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Tuesday, April 11, 2017

Bolt Action AAR: Tunisia 1943


By Bryan,

Welcome to a battle report from a huge game of Bolt Action my clubmates and I had recently, set in Tunisia 1943. The armies were 4000pts a side, with green US troops vs the veteran Germans. The mission was Key Positions and the dice bag was indeed heavy, with close to 60 order dice in it!

This giant, multiplayer game was played at Company of Dice in Sydney, Australia. If you are in the neighborhood, you can find the details here if you would like to join us for future games. Having the extra space at the club allowed us to set up the game on a 6x8 ft board.


A few of my recent painting projects for the Germans in North Africa had inspired the games setting, the Tunisia campaign of 1942-43. The Germans have some captured US halftracks from the US defeat at Kasserine Pass, as well as the newly arrived Tiger I heavy Panzer. So the German forces were made up of Panzergrenadiers of the 10th Panzer Division with an attached Tiger tank. These made up 2000pts of the German side, with the other half being Herman Gorings boys, the tough as nails Fallschirmjäger! My mate Zane was in command of this infantry platoon backed up by a few Panzer IV's and armoured cars.


The forces of the United States of America were bravely lead by Matt and Jo, who were keen to spread Freedom and Democracy across the landscape with their 11 Sherman tanks. Backed up of course with almost 100 GI's and supporting heavy weapons. Their force was mostly regular and inexperienced, vs the all Veteran German troops.


You can see here the opening turn of the game and get a good idea of how the terrain was laid out. The main feature was a massive long ridge line right across the board center with a road down the valley and two small towns, one at each end. These major terrain features formed the 5 objectives for the game, the mission being Key Positions from the main rulebook.

We deliberately set up our terrain in this way for two reasons. First, we wanted the objective markers to not be on random spots on the table, but on logically important terrain, like the ridgeline (2 objectives on that) and then the main road and the two towns. That way the battle made sense. Second, we set up the ridgeline along the board center to deliberately block line of site. Having a reduced line of site and the objectives mostly in the middle of the table would encourage both sides to move up and not just sit back and shoot at each other. It was going to be a really bloody battle for that high ground!


In turn one both sides deployed rapidly onto the table as first waves, most units on a run order to get closer to the key objectives along the ridgeline and the main road. The Germans sent an armoured task force of Panzergrenadiers in halftracks toward one of the objectives on the ridge, with the US sending their own halftracks and infantry toward this same one.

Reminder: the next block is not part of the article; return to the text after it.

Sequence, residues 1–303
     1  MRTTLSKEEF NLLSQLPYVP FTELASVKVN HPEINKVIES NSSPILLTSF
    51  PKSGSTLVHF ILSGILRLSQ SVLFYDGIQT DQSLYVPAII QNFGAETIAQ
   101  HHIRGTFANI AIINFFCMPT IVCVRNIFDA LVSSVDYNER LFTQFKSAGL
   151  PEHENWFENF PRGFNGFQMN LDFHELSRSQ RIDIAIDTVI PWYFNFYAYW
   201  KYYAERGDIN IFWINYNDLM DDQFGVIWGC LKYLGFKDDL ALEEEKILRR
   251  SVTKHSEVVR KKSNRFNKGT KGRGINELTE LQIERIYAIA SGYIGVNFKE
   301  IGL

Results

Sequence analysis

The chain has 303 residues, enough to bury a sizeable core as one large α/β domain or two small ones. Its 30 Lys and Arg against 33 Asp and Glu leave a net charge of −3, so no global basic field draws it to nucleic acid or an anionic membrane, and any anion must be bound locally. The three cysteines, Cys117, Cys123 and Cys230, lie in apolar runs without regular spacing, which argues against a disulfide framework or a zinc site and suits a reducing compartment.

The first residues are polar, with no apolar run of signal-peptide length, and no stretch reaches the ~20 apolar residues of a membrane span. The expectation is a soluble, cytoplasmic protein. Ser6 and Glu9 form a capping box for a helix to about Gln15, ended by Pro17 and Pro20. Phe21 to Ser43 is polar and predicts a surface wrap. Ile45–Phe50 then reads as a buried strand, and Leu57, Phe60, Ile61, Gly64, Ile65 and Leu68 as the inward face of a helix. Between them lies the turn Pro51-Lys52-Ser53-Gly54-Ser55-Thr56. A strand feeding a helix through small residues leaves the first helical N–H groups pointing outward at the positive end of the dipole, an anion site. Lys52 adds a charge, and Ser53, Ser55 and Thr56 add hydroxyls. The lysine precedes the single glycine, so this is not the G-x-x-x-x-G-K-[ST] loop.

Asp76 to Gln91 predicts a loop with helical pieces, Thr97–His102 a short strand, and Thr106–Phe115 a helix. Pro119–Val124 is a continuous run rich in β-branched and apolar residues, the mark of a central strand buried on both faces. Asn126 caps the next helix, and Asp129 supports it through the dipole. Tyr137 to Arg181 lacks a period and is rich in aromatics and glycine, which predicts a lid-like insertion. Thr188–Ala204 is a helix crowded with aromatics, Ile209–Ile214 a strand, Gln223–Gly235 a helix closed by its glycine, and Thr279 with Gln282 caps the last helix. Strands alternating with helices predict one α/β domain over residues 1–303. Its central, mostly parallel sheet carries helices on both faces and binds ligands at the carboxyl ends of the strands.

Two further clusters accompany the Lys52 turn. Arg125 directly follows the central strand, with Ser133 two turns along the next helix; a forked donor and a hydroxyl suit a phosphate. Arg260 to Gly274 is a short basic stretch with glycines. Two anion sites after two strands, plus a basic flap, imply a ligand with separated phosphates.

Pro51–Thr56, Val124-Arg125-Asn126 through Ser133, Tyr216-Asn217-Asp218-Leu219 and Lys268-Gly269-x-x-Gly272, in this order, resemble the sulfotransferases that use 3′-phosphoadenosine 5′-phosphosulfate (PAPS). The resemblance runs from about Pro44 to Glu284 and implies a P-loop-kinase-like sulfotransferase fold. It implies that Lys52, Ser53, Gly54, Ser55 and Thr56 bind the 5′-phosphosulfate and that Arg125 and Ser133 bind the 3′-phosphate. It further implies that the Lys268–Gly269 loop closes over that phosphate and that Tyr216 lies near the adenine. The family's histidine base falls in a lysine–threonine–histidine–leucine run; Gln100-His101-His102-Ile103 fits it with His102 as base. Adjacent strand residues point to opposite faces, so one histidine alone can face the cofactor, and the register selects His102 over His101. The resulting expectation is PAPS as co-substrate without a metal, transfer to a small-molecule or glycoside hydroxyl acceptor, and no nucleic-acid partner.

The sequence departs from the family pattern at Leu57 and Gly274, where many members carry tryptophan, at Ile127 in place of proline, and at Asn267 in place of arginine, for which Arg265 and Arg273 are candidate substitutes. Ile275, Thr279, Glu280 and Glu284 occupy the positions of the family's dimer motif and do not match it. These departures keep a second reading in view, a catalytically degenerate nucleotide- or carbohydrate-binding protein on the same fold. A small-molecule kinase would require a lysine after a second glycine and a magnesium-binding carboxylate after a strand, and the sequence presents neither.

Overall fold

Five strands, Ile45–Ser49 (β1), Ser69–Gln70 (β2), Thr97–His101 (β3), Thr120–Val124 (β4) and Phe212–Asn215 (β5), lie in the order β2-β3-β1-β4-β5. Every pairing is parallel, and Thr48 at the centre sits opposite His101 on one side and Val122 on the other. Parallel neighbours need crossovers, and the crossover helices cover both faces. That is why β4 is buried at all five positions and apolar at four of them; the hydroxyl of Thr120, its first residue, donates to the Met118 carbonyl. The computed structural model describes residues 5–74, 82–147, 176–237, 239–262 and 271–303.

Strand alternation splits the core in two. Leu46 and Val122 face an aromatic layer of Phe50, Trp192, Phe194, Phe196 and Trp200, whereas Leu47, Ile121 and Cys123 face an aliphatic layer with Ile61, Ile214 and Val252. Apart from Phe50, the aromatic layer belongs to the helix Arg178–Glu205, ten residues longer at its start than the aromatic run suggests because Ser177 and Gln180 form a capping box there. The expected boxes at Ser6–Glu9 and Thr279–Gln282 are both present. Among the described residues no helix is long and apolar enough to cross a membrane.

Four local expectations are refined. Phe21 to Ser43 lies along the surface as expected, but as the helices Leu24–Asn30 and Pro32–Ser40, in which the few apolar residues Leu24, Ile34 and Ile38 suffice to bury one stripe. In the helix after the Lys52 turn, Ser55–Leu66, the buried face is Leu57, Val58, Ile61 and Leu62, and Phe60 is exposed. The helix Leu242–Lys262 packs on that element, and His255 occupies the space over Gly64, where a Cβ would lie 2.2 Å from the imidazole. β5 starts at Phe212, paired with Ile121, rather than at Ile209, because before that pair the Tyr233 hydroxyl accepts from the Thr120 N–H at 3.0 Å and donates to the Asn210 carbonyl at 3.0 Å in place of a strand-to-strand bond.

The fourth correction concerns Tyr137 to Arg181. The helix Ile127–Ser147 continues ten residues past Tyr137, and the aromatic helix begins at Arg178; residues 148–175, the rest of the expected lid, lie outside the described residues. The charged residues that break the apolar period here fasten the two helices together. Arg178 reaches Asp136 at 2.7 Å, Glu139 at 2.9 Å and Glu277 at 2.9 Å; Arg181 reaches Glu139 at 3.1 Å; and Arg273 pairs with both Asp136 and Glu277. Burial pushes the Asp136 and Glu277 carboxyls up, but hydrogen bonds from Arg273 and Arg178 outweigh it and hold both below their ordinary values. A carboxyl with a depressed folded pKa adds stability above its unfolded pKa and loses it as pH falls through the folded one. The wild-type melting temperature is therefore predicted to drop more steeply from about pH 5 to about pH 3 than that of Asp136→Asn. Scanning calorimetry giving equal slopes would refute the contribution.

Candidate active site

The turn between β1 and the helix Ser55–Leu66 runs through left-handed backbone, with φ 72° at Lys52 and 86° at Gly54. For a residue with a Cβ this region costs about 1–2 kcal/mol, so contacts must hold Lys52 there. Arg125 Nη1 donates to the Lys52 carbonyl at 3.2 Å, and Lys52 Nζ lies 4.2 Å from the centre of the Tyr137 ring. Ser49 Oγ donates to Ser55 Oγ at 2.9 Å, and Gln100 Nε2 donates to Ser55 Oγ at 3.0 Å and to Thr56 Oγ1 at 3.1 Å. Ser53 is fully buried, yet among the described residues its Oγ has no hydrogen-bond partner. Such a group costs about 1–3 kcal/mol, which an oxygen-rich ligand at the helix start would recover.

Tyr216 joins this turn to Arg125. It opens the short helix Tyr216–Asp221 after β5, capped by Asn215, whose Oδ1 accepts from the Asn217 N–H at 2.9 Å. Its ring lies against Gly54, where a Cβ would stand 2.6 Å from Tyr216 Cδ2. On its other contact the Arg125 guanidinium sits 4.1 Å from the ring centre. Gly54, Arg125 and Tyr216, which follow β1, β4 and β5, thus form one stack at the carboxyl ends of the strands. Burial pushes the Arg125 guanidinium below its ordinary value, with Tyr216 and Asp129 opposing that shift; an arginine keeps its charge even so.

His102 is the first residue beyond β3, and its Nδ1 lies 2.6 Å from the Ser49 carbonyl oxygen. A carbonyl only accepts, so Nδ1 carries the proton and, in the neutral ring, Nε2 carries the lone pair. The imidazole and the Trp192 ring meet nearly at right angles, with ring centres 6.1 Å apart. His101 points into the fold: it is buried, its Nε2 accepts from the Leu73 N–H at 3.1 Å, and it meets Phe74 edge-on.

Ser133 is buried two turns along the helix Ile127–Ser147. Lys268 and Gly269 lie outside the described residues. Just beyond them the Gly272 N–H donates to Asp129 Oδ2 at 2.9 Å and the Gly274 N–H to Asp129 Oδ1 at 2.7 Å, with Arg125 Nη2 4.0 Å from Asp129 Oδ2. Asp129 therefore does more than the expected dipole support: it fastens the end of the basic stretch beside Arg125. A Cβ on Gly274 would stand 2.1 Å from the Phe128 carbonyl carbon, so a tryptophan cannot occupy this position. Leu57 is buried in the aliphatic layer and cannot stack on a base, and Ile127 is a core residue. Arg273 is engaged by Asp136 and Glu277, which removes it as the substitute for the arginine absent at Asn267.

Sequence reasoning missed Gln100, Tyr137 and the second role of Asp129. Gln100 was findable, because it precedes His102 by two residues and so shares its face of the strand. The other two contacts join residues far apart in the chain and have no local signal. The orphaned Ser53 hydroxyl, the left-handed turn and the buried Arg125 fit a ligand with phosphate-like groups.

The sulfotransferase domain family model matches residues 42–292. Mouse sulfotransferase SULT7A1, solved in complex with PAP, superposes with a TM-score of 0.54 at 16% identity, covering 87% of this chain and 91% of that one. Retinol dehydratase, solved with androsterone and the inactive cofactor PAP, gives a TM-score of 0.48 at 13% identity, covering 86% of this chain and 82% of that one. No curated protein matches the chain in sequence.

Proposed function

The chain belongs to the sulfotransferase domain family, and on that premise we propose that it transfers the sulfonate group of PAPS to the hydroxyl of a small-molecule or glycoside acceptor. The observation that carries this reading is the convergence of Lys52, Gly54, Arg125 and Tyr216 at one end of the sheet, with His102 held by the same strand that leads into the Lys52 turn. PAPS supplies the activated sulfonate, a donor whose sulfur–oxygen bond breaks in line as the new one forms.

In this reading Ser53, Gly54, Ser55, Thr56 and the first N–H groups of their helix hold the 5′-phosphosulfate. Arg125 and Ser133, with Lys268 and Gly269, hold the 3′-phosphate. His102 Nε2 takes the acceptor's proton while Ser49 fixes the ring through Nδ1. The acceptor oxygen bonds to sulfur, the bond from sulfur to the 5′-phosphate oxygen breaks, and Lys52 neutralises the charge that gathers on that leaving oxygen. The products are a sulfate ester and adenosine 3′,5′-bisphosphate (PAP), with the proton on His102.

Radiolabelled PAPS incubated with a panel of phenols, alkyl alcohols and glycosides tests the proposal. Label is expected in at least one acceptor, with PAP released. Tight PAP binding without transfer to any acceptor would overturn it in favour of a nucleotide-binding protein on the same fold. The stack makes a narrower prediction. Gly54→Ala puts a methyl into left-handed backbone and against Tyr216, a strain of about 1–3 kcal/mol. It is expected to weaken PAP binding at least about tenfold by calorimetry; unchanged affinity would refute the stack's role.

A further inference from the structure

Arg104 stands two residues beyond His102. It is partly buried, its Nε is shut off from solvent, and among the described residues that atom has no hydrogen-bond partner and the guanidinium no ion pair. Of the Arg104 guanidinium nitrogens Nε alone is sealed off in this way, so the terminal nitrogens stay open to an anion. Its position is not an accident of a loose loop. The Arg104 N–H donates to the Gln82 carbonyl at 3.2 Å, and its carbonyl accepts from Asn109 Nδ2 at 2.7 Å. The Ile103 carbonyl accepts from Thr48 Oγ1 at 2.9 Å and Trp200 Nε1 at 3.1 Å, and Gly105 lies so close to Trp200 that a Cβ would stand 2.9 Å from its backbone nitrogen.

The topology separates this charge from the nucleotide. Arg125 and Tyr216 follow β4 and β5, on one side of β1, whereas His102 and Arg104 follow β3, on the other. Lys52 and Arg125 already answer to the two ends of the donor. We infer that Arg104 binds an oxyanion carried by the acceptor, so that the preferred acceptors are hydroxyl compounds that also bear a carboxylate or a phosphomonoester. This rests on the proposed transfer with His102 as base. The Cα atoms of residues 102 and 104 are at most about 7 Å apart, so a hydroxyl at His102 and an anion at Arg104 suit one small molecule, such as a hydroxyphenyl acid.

In the center the US players sent a platoon of Shermans straight down the road, backed up by a medium howitzer and a platoon of GI's


Another platoon of GI's moved up to take the settlement closest to the US table edge and started to set up heavy weapons to support their troops goIng for the high ground to their right.


The Germans arrived first in the race for the high ground but kept their Panzers on their side of the ridge line to avoid the massed Sherman tanks bearing down on them.


Joe moved up aggressively toward the second objective on the high ground with 5 more Shermans.


The Shermans were backed up with a platoon of inexperienced GI's, it was going to be a tough fight ahead as they faced the elite German Fallschirmjäger.


On the German right, the Fallschirmjäger deployed to contest this very objective on the high ground as the Tiger tank rumbles on straight up the main road to face the platoon of Shermans.


It's bloody from the outset in the fight for the ridge on the German left. Pioneers deploy from their halftrack and prepare to assault the American infantry threatening the objective. The Marder takes shots at the Shermans but misses.


The German Panzergrenadiers have moved up out of their halftracks to hold the objective from behind hard cover. The halftracks hang back to keep out of sight of the Shermans 75mm guns on the other side.


The Tiger tank is in a prime spot in the open to sow fear and panic in the US forces. It's 88mm cannon hits a Sherman but rolls a 1 for the penetration roll...


The US advance continues toward the high ground on their left, the 3 Shermans bearing down on the single German squad keeping their heads down for now


Matt notices the German 222 armoured car has exposed itself over the ridge and turns his Shermans to take a shot...